I’ve long been a fan of Dave Matthews Band (DMB), but their seventh studio venture, ““Big Whiskey and the GrooGrux King,” has to be my favourite album. The band may have varied the recipe from usual methods and ingredients with this current release, but it is nonetheless a delicacy. As far as DMB goes, this is my favourite CD, which confirms my place as a purist fan of the band. Having listened to DMB for so long, I can embrace whatever decisions the band makes, I love hearing new work from them regardless.
A lover of everything DMB, old and new, I find this disc fits my tastes better than any other the band has cut. I’d even bear to recommend “Big Whiskey” to those who dislike newer DMB works. The purpose and feeling exclaimed in what I heard on my first listening of this album was tumultuous. Where ““Big Whiskey” ” as a whole isn't exactly thick, with DMB’s famous variations and extended solos, some fans dearly adore, the meaning that is contained within the thirteen songs on the disc will capture the mind of any listener, if not the heart.
I normally love lots of complex low frequency material and my short list of favorite recordings always seem to be double the fun with a subwoofer. This disc was a rare exception to the rule, which left me beginning to wonder if I ought to give up being a bass addict and pursue more mellow endeavors.
I'll cross that bridge when I get there, but I must comment on the masterful finish the audio engineers achieved with DMB’s newest work. There was a distinct difference felt when I’d listened to this CD on my reference system, something new which tends to elude DMB’s other great works; depth and width. The definition was way above any expectation. I could clearly recount every nuanced note. This is superb driving music.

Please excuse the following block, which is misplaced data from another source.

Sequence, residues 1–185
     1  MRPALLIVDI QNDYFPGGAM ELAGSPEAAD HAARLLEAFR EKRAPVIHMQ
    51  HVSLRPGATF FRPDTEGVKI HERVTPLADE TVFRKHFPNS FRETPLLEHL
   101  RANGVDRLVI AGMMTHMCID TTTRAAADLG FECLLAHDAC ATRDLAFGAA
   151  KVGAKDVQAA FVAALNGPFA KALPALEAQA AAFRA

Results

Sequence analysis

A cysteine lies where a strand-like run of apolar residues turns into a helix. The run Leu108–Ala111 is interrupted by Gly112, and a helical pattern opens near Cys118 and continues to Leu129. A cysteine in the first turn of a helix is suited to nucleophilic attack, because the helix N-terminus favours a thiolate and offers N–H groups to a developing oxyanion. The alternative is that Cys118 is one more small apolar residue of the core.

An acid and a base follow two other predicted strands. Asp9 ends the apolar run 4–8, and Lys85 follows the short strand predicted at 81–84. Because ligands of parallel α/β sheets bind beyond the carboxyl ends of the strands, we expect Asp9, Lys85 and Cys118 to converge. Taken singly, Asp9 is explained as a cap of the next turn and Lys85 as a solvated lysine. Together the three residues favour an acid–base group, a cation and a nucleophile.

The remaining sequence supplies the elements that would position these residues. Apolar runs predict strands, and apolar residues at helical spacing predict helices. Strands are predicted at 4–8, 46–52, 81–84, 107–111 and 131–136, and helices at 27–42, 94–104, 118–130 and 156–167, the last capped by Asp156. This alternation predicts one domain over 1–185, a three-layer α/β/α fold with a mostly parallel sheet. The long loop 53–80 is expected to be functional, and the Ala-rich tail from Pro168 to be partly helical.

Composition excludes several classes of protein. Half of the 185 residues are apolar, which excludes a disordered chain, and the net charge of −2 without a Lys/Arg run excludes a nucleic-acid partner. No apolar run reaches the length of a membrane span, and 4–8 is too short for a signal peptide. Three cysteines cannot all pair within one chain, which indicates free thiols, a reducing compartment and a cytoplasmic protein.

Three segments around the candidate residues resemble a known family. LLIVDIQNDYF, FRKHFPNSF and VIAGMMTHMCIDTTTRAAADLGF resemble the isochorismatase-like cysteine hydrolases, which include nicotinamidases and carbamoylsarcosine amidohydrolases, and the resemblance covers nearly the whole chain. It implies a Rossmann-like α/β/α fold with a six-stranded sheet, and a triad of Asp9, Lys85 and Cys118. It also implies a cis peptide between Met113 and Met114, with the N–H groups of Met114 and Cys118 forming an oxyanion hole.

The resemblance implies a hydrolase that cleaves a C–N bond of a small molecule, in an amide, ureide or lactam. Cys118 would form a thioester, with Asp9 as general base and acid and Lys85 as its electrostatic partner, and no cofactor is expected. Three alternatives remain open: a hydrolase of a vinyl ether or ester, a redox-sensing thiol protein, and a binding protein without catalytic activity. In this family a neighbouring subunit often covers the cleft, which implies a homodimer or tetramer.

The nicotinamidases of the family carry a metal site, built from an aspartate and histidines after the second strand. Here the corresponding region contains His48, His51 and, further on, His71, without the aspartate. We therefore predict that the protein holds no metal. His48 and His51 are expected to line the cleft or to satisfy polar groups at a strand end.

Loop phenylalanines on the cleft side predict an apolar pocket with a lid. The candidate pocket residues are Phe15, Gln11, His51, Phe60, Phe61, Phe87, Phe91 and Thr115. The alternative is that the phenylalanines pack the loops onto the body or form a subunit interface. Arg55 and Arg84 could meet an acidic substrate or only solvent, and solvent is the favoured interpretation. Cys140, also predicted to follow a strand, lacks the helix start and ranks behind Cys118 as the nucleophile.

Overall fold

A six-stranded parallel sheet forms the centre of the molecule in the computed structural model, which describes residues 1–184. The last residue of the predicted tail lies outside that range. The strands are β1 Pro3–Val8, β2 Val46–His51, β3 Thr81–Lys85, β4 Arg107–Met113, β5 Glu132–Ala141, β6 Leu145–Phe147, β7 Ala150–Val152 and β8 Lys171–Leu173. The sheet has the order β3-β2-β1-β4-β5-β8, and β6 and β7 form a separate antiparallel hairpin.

With bowed heads, let us touch upon a sad fact. This is the first album released by DMB since the death of their late great Saxophonist LeRoi Moore, may he rest in peace. On the upside, Tim Reynolds is back with the band and I could not be happier! One last snazzy trivia piece, and this one may make those who are like me very glad; “Big Whiskey” is now, amazingly, I add, the second album released by DMB on vinyl. Purists of the band sorrowful as they may be, let purists of format rejoice!
I don’t think I could review a record without choosing a favorite song. On “Big Whiskey,” the particular song, which fit of my fancy, most, was, “Funny the Way It Is.” I’m not going to gush; I swear. But if you happened upon this CD, listened to this track only, and then had your compact disc player stolen by thugs, eaten by a zombie horde, or perhaps taken back in time and drowned with cement shoes by mobsters, in the 1920s, well, you’d probably be satisfied that you had at least heard this song. In fact, this record has lured me so far into the proverbial woods that I considered taking a hammer to my favorite mix CDs upon realizing after leaving for a trip that I had left this newfound gem at home.
I’ve added this CD to my list of greats! Go out or log on to your favorite music store, go now! When you get a copy of Dave Matthews Band’s “Big Whiskey and the GrooGrux King,” you won’t be sorry.
Okay, I gushed.
Michael Saareste is a writing living in Estonia.
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